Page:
Land battle rages on

Community leaders and the City of Cape Town are working around the clock to bring to an end the ongoing land grabs in and around Khayelitsha.

Since last Thursday, when the residents of Town Two and the neighbouring Makhaya tried to take over a piece of land next to Graceland and Town Two, the City’s law enforcement officers have been on high alert trying to quell the situation.

But their efforts have largely been in vain as the sporadic land grabs continued to spread to other parts of Khayelitsha, including Kuyasa.

Residents who claimed to be backyarders continued to clash with law enforcement agencies, including police, despite three interdicts obtained by the City against them.

Emotions continued to run high at the start of this week.

On Monday and Tuesday raging battles continued, forcing the authorities to confiscate some of the residents’ material.

However, yesterday Wednesday May 24, residents continued to clash with law enforcement and vowed to continue until their demands were met.

Among others, residents are demanding houses, saying there were large pieces vacant of land in Khayelitsha, while people continued to live in appalling conditions. The communities of Town Two and the nearby Makhaya, in Khayelitsha, have vowed to forcefully take over a piece of land situated between their area, Graceland, Ekuphumleni and the Khayelitsha Mall.

The land, which has been unused for many years, has been earmarked for housing by the Khayelitsha Community Trust (KCT).

However, it is unclear when construction would begin and residents said the vacant land had become a hunting ground for criminals.

During Thursday’s protest, angry residents from Town Two and Makhaya barricaded roads with burning tyres and other heavy objects.

Traffic on Steve Biko Drive was affected, but firefighters and Metro police were quick to arrive at the scene, bringing the situation under control and urging residents to open the roads.

Resident, Doctor Sishuba, said the field had been a problem for years. With the construction of the Khayelitsha Mall, he said, they had hoped that things would improve, however, an increasing number of people, including school pupils, were being targeted by criminals. “It would have been better if we had patrols on this field,” he said.

“But if we are to build houses here, this will come to an end.”

Another resident, Nozuko Mfanta, said the field was a danger to everyone, particularly women. She said residents had been patient with government but had been kept in the dark for a long time and continued to suffer.

She said their plan was to force government’s hand into providing houses, adding that backyarders suffered at the hands of their landlords and paid exorbitant amounts toward rent and electricity.

“We now need houses,” she said.

In an attempt to bring about stability and put an end to the land invasions, on Monday May 22, community leaders met with the Khayelitsha Development Forum (KDF), at the old Khayelitsha Training Centre to analyse the situation and its impact on community cohesion and unity.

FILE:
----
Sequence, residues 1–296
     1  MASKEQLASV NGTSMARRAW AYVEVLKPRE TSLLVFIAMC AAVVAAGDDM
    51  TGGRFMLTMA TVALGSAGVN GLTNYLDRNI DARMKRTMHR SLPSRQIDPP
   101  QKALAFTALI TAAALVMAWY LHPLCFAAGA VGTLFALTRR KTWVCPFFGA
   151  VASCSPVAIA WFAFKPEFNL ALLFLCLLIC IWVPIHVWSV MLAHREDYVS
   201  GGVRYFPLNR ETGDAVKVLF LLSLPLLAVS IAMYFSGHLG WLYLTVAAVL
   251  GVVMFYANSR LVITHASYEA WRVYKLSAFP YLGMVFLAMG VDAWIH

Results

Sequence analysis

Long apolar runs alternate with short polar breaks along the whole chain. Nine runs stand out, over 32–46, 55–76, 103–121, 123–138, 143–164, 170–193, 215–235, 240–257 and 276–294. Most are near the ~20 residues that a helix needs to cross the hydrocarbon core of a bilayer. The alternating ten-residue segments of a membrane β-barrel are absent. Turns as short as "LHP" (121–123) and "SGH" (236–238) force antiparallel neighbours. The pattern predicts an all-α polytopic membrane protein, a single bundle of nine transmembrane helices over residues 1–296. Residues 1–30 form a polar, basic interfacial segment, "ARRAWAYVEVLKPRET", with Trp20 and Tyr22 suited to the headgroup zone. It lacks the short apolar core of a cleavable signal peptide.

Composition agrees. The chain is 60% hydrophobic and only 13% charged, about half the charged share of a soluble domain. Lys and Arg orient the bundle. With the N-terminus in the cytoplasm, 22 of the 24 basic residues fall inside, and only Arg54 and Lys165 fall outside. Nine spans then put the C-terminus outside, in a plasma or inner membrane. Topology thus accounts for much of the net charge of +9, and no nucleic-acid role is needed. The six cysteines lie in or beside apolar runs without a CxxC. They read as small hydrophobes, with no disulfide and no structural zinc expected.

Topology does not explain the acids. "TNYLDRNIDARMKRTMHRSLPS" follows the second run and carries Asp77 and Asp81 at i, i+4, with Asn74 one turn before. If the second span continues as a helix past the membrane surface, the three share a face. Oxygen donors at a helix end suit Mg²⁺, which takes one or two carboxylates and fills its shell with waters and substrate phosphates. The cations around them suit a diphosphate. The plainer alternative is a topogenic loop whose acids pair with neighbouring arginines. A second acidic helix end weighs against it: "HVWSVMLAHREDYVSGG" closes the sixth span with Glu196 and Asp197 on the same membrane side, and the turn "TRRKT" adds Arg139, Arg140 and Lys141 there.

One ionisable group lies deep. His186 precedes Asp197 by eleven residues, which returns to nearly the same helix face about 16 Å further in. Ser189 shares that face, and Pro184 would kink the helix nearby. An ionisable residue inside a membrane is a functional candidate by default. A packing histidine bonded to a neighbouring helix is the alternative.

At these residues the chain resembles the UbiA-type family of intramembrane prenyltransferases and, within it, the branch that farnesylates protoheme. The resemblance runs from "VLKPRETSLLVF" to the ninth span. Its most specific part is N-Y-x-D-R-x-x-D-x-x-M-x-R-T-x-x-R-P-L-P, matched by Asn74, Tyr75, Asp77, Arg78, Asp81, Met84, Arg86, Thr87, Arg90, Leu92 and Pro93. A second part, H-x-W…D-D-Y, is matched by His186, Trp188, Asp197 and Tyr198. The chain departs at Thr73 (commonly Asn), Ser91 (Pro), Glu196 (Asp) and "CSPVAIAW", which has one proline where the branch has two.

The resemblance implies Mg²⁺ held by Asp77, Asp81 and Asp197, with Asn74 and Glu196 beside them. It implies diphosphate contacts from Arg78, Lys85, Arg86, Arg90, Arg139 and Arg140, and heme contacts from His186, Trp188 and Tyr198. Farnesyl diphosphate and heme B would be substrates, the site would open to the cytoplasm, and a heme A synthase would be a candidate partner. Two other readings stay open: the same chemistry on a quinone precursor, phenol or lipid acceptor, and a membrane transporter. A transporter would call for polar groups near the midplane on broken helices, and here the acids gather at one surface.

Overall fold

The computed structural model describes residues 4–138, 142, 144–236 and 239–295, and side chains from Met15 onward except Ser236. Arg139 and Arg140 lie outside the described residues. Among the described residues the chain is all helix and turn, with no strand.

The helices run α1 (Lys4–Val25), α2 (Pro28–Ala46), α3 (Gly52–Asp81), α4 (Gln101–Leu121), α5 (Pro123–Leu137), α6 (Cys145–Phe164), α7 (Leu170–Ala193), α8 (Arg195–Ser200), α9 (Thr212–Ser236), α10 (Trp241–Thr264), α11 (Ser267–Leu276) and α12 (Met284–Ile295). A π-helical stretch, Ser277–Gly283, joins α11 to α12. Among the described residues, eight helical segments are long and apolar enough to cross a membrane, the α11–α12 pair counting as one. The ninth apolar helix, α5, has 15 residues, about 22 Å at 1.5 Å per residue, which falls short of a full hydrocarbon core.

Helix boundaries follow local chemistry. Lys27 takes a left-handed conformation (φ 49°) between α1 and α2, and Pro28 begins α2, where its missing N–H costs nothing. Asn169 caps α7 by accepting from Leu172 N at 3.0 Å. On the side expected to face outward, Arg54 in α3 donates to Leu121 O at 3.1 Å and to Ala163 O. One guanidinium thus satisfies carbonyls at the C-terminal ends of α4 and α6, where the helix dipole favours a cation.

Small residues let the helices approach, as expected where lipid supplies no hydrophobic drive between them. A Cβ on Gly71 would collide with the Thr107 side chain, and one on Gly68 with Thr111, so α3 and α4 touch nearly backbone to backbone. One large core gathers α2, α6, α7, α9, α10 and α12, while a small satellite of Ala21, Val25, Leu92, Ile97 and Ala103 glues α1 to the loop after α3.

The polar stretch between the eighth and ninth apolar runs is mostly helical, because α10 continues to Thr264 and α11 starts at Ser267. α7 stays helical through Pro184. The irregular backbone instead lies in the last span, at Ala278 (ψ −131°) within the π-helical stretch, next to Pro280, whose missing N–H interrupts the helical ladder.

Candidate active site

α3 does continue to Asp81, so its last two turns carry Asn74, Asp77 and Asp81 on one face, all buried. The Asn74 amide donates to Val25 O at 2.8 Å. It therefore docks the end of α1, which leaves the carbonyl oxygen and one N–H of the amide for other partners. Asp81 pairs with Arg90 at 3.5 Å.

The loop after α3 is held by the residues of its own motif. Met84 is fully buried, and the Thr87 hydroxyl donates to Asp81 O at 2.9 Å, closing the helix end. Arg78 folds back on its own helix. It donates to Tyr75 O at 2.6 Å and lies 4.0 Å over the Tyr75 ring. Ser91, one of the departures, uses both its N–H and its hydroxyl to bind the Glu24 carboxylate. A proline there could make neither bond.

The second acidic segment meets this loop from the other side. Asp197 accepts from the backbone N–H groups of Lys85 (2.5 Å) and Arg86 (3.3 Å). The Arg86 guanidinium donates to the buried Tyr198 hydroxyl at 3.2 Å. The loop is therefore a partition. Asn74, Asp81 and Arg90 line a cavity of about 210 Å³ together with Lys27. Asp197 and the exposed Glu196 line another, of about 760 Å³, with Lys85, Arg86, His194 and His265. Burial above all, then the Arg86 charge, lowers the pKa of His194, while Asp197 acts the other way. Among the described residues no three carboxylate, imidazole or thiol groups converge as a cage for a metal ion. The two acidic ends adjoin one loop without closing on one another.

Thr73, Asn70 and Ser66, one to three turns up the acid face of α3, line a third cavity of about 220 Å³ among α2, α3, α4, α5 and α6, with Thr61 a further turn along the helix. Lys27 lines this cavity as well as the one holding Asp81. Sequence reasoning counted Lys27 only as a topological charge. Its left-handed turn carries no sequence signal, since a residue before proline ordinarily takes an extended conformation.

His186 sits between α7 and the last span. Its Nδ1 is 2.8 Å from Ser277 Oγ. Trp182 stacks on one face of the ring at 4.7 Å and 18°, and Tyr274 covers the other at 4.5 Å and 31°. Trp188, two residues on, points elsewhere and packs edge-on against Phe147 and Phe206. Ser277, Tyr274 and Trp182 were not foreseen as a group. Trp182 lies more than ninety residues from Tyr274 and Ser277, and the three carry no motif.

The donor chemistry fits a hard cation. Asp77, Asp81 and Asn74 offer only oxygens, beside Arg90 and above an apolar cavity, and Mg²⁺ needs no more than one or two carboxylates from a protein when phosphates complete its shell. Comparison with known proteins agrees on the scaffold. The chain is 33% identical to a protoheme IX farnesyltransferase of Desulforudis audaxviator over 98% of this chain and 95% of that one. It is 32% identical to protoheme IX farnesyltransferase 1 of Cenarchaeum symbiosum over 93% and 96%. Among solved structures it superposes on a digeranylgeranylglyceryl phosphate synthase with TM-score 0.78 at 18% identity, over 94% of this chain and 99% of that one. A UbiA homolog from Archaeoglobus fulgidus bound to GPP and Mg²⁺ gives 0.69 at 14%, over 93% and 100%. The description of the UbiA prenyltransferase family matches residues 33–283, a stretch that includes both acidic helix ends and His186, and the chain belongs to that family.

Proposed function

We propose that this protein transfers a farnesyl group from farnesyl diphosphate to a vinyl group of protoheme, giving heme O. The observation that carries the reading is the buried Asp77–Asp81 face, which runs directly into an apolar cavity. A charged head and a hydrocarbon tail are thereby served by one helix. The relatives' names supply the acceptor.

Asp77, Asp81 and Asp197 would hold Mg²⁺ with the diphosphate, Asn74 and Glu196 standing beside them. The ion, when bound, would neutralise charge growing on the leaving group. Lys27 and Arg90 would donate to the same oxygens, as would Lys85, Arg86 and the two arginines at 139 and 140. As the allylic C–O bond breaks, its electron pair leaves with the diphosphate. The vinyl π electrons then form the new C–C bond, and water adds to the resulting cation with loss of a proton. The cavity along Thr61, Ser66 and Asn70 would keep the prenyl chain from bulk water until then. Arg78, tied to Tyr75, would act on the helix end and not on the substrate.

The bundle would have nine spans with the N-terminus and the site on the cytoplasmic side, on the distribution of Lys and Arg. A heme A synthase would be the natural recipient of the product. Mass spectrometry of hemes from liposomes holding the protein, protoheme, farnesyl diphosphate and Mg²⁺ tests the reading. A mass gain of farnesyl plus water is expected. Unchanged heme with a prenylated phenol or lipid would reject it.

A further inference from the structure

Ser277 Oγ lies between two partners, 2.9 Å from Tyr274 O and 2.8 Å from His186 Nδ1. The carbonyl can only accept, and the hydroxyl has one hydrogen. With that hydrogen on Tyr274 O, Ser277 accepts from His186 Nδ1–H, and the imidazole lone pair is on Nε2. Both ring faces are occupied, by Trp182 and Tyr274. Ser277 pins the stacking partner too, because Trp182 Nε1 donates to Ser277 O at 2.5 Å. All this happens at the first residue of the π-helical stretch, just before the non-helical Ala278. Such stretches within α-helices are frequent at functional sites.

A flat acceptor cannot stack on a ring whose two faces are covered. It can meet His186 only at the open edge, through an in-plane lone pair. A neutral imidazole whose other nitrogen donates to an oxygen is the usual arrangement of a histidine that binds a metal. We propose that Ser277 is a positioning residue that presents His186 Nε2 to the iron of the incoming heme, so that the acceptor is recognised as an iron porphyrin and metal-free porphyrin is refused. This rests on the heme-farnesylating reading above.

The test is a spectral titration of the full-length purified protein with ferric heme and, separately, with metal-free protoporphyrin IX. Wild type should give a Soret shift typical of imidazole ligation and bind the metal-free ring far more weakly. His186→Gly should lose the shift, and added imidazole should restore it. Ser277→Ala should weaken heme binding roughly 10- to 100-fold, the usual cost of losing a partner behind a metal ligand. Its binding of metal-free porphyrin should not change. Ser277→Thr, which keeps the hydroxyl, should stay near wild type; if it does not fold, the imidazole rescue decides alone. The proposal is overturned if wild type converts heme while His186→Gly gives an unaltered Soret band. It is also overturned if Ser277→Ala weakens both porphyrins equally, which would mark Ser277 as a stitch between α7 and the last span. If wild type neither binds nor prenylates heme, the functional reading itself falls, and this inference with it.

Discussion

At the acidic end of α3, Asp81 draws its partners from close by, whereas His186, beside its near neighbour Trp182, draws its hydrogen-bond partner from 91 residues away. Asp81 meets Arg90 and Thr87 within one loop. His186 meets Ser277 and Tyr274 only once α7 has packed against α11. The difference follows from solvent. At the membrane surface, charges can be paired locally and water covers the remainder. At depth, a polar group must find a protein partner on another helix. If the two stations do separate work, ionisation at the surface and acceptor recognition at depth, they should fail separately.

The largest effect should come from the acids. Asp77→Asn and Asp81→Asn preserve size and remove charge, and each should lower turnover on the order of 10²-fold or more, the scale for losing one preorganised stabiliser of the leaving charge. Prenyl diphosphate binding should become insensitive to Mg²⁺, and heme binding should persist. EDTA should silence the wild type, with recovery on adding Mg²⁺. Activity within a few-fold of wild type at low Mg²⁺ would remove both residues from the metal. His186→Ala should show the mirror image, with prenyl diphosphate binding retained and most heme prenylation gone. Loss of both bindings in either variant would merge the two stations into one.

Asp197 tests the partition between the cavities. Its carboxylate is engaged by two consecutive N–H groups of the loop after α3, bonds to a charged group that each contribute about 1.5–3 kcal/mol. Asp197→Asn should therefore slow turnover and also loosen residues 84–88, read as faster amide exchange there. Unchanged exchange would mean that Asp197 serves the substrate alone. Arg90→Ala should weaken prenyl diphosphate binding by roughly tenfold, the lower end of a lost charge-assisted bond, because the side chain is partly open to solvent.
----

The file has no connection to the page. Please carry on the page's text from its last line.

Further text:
The KDF believes that an addition to the current number of shacks in the area is not in keeping with the vision of a Khayelitsha of the future, where residents will live, work and play.

KDF chairperson Ndithini Tyhido said the land grabs were not helping the people of Khayelitsha and condemned the building of more shacks, saying Khayelitsha should not be a town of shacks.

“We cannot allow shacks to come up in any area now. This needs to come to an end. It should not be that any land must have shacks. We cannot be a town of shacks. All we need is proper houses in Khayelitsha.

“This thing will cause conflict and fights among Khayelitsha residents. We must work tirelessly to rid Khayelitsha of shacks. It is difficult to police the shacks. People who are in wheelchairs have it difficult to live in shacks,” he said.

Mr Tyhido said the struggle for houses was genuine and for everyone, but criticised community leaders for not discouraging the building of shacks. He said he was disappointed because the KDF expected to see local councillors giving leadership.

He said the invasions were depleting police resources and that police had to guard the land while criminals robbed people.

Councillor Monde Nqulwana said councillors were tired of being used by the government and that government should come forward and address the problem.

He said many people had been promised houses, but did not receive them.

“When it is nice people are promised this and that but when it is bad those people disappear. As councillors we sometimes use sticks that toss the meat we would not even eat. We are tired of being used.

“Those who have won the hearts of people with their manifestos must come address the people,” he said.

Chief executive officer of the KCT, Mkhululi Gaula, condemned the invasion of land. He said plans were under way to build houses on the 22-hectare site, but they had encountered some obstacles.

“Initially, the plan was to develop institutional subsidy housing units, but then the Graceland community objected to the RDP type of units next to their bonded settlement. We had to alter the business plan altogether.”